But Apple has changed its focus in recent years away from being the world’s foremost inventor of new gadgets and into the construction of a more fully realized Apple ecosystem. That has hinged largely on the meteoric expansion of its services offerings — Apple Pay, Apple Music, AppleCare — into what is today a multibillion-dollar annual business. Services made up only 6.5 percent of Apple’s revenue in 2012’s first quarter, but more than tripled to 22 percent as of 2020’s third quarter, according to Statista.
“We had strong performance in our digital services with all-time revenue records in the App Store, Apple Music, video and cloud services as well as elevated engagement on iMessage, Siri and FaceTime,” current Apple CEO Tim Cook said in the company’s latest earnings call. “Based on these results and our performance over the last four quarters, we are proud to announce that we have achieved our goal of doubling our fiscal 2016 services revenue six months ahead of schedule.”
Apple Watch, meanwhile, has made increasingly large entrances into the healthcare field. It’s viewed as not just an accessory, but an increasingly vital piece of health tech. For example, Apple started the year with a massive study with Janssen Pharmaceuticals to determine if Apple’s Watch Series 4 could be leveraged to diagnose and treat atrial fibrillation.
Where Apple Encountered Some Good Luck
Of course, timing is everything. For all of Apple’s brilliant innovations over the past 25 years, the company has also managed to enjoy some very good timing.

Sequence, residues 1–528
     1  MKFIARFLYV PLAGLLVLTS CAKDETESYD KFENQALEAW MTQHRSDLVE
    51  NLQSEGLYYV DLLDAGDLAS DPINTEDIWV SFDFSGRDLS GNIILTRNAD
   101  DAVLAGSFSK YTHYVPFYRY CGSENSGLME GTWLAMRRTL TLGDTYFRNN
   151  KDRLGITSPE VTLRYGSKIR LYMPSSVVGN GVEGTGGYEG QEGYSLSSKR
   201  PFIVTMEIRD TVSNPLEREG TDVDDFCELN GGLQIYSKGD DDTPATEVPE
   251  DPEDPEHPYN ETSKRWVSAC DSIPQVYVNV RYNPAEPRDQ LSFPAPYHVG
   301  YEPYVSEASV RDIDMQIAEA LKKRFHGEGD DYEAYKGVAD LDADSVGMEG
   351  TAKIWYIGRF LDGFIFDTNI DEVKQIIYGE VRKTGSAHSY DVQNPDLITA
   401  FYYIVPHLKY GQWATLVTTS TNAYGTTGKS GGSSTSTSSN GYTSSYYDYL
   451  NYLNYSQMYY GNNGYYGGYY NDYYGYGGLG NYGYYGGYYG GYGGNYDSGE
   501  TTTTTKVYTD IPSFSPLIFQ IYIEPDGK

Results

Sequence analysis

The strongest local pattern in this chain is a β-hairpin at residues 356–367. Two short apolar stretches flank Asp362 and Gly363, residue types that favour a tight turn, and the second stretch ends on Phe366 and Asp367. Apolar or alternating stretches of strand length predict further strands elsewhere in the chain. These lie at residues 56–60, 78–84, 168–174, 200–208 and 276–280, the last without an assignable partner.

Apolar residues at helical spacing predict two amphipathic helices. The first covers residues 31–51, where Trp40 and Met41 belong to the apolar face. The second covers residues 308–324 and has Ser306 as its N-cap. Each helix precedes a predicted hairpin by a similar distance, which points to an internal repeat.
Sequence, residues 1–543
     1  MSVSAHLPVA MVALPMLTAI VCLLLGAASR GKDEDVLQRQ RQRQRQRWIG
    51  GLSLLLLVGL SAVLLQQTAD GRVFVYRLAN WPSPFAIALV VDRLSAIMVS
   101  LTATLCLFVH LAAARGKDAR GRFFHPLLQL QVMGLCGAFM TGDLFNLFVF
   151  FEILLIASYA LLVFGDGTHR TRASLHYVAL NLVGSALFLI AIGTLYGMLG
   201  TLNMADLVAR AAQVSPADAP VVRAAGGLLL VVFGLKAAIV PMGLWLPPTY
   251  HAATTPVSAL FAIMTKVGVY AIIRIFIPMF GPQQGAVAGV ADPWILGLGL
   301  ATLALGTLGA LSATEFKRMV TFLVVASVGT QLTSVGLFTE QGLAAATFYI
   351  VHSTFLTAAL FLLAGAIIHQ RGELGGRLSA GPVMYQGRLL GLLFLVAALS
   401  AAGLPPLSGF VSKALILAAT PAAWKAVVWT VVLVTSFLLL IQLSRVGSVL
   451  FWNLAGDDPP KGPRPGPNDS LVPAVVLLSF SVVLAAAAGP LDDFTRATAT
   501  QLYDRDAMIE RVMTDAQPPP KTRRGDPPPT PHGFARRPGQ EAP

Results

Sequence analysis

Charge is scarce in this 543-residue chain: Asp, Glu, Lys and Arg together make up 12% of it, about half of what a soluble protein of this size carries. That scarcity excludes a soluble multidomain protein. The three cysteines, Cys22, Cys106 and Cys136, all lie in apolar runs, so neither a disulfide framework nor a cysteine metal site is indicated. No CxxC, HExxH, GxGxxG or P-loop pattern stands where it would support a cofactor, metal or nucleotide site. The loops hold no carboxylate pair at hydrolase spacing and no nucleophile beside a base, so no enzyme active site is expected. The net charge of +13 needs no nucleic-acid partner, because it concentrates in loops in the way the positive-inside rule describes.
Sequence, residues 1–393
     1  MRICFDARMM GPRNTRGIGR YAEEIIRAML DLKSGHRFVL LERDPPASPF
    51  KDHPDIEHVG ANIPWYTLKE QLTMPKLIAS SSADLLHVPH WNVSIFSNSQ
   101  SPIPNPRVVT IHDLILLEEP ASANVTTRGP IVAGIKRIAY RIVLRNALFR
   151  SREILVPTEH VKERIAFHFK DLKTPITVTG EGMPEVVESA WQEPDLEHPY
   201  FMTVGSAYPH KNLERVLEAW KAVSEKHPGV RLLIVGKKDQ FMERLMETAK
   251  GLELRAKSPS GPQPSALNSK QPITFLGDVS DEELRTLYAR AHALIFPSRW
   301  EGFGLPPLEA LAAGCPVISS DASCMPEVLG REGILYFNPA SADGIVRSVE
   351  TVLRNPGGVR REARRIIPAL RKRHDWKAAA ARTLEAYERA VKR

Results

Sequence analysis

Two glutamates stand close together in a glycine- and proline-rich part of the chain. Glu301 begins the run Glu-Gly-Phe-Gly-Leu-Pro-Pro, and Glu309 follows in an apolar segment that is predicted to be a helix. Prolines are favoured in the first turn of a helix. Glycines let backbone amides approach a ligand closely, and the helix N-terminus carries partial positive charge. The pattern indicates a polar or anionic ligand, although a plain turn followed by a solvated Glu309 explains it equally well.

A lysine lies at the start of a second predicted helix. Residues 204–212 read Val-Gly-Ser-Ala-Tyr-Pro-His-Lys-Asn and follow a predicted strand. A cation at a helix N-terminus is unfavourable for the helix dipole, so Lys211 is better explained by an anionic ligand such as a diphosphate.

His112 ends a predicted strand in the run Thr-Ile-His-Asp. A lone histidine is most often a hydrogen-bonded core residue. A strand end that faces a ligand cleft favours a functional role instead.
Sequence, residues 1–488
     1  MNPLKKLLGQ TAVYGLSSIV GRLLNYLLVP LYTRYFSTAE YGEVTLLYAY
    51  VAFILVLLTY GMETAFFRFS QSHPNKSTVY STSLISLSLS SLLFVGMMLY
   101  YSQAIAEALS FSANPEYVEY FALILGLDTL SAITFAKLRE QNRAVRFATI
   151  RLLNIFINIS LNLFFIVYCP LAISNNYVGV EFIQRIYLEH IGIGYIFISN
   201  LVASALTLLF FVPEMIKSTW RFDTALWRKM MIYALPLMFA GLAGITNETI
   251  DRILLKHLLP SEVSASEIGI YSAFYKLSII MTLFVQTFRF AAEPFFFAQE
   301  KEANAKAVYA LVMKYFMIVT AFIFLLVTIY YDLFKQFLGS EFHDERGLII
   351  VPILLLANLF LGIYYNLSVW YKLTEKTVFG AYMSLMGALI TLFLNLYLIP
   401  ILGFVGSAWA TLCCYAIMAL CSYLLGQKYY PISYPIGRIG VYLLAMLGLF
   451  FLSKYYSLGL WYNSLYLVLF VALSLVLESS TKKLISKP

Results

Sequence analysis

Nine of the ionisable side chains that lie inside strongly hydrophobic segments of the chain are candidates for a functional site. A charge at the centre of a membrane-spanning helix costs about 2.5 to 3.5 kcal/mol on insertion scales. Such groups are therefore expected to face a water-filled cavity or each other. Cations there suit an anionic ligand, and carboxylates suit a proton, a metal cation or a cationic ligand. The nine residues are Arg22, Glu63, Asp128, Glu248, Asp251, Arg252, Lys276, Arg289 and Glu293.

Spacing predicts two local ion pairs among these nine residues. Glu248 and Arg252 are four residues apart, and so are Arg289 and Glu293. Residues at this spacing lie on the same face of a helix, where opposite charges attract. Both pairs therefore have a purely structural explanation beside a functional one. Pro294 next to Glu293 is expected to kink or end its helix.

For example, when Apple was hanging on by a thread in 1997, Microsoft was suffering the opposite problem of being too successful. At the time, it was embroiled in a brutal antitrust lawsuit with the U.S. government.
Steve Jobs persuaded Microsoft chief Bill Gates that it was a historically bad time for Microsoft’s main competitor to go bankrupt, and Gates bought $150 million of non-voting shares in Apple. Before Apple could get back to greatness, it needed a major cash infusion — one it wouldn’t have likely gotten had Microsoft not been eager to prove that it really loved its competitors.
Gates also offered Apple free access to Microsoft Office, which at the time was the primary software system that computer users demanded.
Apple was also a major beneficiary of the advance of mobile networking technology between the years 2000 and 1010. The nation’s first 3G network first started construction in January 2002 and covered the majority of the country by the iPhone’s launch in 2007.
Moreover, the 4G network was under construction as of 2010, making most of the innovations that people use their smartphones for today possible. Want to use Facebook or Twitter on a smartphone? That’s a fairly data-hungry activity, and without 4G, it would be an incredibly slow process to post a photo or retweet a witty bon mot.
What the Future Holds
Since 2020 has been a year full of all kinds of surprises, hard predictions on Apple's future (or much of anything else) are something of a sucker’s game.
Where does Apple go from here — and how long will it take to get to $3 trillion? Depends on what the next entry in the hit parade is.
(This article has been updated to reflect Apple's rally above $2 trillion.)